What is Marylanders Grow Oysters?
Marylanders Grow Oysters is an exciting new project designed to inspire citizens to become Chesapeake Bay stewards by increasing citizen involvement in oyster restoration efforts.
In its initial stage, the program has invited Talbot County waterfront property owners along the Tred Avon River, a tributary of the Choptank River, to grow oysters from their private piers using cages built by inmates at the Eastern Correctional Institution. The project plans to enlist 250 homeowners to place 4 oyster cages each off their piers by the end of October 2008; after a 9 to 12 month growing period, the oysters will be planted on a protected sanctuary in the Tred Avon River.
Because of oysters’ unique filtering abilities and the vital habitat for aquatic life they create, Maryland and its partners continue to enhance and improve large-scale native oyster restoration efforts, including creating and improving structured habitat; planting hatchery produced oysters on existing and historical oyster bars; prohibiting oyster harvest in some areas; and regulating the fishery to limit the number of oysters harvested annually. In 2008 a record 500,000 oyster spat were planted in Maryland/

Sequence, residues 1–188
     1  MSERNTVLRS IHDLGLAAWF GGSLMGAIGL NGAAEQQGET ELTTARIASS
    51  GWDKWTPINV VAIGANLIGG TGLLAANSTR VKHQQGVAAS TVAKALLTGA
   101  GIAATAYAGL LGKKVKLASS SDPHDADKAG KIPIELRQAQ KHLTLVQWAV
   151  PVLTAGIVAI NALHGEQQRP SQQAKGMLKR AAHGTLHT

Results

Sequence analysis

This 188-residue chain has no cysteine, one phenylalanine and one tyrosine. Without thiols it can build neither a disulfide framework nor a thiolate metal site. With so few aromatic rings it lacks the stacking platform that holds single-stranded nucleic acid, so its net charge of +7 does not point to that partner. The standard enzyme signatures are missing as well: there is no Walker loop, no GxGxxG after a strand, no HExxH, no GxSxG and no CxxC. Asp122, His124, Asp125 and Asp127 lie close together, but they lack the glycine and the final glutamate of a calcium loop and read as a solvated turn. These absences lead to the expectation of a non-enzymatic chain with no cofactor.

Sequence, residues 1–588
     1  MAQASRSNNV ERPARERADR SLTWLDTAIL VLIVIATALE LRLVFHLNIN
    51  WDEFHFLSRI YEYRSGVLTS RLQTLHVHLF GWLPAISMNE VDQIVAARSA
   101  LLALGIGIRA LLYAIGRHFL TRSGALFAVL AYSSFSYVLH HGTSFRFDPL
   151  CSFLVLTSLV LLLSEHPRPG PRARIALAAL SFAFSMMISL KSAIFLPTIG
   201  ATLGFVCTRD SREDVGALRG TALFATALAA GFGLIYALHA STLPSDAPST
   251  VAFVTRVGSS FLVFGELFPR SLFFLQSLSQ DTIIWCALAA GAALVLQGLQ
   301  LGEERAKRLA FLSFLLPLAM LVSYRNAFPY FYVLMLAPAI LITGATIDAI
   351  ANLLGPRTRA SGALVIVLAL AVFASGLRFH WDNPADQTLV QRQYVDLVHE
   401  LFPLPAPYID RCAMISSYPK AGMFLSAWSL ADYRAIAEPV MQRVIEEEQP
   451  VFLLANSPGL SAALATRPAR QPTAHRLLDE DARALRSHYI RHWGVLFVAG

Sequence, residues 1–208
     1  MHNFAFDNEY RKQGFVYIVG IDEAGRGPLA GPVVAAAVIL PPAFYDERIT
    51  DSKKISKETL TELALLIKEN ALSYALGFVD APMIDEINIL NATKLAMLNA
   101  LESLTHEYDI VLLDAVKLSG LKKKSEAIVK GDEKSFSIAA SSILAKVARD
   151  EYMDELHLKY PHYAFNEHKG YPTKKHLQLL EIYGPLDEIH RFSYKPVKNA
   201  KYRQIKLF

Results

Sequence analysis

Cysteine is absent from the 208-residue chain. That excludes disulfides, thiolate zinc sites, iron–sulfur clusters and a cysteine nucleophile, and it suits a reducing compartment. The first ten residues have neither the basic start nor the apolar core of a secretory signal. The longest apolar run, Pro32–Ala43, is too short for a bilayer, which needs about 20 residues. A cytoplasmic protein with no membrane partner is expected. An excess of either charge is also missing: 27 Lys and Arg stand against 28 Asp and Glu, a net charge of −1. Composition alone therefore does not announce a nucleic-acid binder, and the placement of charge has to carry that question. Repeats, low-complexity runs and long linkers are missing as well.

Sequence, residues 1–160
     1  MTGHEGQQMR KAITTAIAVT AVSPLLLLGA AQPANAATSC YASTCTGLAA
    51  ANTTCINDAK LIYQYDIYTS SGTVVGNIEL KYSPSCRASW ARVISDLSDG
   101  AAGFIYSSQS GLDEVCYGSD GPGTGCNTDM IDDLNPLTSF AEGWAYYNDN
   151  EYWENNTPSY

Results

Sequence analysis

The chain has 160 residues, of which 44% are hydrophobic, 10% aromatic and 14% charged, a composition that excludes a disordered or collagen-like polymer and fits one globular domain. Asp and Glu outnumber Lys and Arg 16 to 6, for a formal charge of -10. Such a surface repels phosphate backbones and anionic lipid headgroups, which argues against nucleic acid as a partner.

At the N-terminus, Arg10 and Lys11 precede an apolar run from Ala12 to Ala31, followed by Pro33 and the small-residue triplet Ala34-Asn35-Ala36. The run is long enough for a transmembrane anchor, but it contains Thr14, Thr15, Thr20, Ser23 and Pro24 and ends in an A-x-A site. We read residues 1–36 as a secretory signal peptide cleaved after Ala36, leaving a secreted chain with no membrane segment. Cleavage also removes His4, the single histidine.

Established by Governor O’Malley, the Marylanders Grow Oysters project, is a cooperative effort of concerned citizens, the Maryland Department of Natural Resources, the University of Maryland Center for Environmental Science, Talbot County, and the Oyster Recovery Partnership. The oyster cages were constructed by inmates under the supervision of the Maryland Department of Public Safety and Correctional Services. The Chesapeake Bay Trust provided funding for the initiative.
The partnership plans to expand the program to other tributaries next year.
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